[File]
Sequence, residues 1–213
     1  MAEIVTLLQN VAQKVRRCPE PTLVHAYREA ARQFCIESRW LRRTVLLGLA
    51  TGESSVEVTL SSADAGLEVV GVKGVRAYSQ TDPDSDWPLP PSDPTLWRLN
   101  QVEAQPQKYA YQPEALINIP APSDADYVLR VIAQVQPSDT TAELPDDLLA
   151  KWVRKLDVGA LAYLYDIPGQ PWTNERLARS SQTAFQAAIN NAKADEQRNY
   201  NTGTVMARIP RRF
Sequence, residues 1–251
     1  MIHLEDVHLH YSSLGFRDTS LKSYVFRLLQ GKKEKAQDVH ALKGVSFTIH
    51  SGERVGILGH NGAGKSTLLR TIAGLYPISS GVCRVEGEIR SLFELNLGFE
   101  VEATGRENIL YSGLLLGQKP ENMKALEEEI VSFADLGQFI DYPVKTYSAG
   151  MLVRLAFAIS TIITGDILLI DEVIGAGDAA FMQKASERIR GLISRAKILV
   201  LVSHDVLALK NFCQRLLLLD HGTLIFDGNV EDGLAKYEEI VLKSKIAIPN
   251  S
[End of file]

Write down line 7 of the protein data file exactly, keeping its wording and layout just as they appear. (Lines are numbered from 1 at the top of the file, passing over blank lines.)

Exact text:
Sequence, residues 1–251